Planet Earth, our home has been captured by Electro-L, Russia's latest weather satellite in its most splendid avatar, and the image itself is a never-seen before one and the best, yet. Electro-L captured Earth in a mind-boggling 121 megapixels rich image, that too in a single shot, according to a Gizmodo report. Not only has this image of the Earth been captured in the highest resolution (no other image of the planet boasts of this resolution), but also the fact that other images of the planet, captured by NASA and several other agencies are arrived at by stitching several images together, this one is rare. A Daily Mail report adds that the satellite, which was launched in January 2011, has been capturing images of such brilliance every 30 minutes, since its launch in a bid to monitor weather conditions. The report adds that during times of strange weather conditions, the satellite can be commanded to capture such images every 10 minutes by Russian operators.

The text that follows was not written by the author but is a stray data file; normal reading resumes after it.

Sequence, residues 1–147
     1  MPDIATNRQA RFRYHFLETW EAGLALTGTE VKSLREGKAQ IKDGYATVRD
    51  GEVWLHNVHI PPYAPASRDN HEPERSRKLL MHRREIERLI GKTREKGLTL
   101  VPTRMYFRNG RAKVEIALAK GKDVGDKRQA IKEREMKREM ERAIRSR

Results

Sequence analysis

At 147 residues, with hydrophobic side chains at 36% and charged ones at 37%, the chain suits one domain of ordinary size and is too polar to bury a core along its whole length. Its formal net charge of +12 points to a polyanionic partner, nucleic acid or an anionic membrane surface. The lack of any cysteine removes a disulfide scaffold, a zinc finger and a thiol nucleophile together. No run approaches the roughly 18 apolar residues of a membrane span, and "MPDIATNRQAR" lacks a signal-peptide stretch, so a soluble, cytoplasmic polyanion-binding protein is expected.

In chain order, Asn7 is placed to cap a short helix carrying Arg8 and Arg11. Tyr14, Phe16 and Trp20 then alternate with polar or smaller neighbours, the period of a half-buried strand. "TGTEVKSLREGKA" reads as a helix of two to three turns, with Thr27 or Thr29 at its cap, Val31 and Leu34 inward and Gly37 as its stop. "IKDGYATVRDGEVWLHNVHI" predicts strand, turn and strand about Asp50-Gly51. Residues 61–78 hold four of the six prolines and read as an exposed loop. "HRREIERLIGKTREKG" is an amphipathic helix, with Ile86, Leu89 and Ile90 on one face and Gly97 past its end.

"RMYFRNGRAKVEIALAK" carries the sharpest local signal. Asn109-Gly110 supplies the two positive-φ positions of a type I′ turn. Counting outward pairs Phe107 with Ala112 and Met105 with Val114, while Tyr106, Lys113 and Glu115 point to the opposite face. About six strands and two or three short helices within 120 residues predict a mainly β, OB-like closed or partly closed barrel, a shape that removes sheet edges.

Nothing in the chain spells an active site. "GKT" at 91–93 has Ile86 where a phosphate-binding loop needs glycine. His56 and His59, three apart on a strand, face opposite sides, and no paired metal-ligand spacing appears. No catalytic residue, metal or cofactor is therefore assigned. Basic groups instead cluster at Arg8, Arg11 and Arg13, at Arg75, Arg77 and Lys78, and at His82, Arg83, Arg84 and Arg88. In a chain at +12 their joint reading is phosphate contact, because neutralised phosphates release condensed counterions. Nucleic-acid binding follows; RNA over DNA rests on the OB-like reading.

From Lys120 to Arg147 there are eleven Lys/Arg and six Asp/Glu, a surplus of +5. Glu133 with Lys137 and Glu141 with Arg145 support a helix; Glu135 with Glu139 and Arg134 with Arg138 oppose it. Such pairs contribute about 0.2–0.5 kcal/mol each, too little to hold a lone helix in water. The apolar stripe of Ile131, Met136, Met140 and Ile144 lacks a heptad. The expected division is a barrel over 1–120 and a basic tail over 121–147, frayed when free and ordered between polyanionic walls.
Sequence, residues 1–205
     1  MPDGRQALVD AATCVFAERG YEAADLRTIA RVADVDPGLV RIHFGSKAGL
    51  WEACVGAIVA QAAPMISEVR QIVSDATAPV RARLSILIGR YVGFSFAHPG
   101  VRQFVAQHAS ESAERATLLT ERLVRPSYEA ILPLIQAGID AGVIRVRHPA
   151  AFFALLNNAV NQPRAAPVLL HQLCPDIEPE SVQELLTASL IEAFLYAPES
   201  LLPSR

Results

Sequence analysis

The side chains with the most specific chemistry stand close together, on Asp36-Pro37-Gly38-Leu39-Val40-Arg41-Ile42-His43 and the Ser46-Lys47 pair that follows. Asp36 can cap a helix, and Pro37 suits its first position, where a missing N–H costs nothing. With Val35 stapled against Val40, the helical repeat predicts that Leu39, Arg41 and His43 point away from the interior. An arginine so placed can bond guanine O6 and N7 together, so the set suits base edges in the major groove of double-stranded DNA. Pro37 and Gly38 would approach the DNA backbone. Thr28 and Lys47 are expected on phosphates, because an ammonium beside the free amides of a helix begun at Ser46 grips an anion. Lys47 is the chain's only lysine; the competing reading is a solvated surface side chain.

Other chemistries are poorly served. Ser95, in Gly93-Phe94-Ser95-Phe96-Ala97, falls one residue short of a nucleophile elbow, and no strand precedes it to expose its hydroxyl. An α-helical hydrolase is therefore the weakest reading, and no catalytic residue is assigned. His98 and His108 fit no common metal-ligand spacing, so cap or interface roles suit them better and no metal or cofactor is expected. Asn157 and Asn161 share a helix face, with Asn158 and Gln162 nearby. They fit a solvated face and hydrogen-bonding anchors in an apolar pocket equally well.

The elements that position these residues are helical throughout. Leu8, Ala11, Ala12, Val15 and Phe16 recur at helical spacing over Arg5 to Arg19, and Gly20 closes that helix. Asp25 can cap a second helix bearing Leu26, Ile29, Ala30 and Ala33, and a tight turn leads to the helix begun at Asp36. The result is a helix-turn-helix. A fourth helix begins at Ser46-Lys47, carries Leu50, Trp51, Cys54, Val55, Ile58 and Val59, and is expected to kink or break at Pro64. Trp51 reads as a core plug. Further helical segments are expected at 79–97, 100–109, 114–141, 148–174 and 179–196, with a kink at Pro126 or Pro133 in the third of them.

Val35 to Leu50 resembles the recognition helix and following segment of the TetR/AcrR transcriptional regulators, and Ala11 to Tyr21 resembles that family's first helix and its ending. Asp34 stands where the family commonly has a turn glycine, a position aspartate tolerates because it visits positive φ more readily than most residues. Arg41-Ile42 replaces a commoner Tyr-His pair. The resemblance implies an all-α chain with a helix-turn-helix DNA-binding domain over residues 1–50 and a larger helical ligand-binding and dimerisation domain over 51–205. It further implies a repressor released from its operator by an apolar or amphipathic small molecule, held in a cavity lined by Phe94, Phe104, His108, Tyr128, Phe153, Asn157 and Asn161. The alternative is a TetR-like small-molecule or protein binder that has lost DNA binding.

Earth, like never seen before (Image credit: Gizmodo)
The weather satellite, according to reports is currently orbiting Earth on a geostationary orbit 36,000 kilometers above the equator. Reports add that the satellite's ability to send such high resolution images every 30 minutes is facilitated by using a 2.56 to 16.36 Mbits per second connection with ground control. The report adds that the images and the video of the Northern Hemisphere includes four light wavelengths, three visible and one infrared. The orange in the image above depicts vegetation, instead of the colour green as one may come to expect. Robert Simmon, a scientist at the NASA Earth Observatory, Goddard Space Flight Center, the report states, "Elektro-L is a Russian Satellite similar to GOES (the satellites that provide the cloud image loops shown on the news every night). The images posted by Gizmodo are a combination of visible and near-infrared wavelengths, so they show the Earth in a way not visible to human eyes (vegetation looks red, for example). They're not any better or worse than NASA images, but they show different things."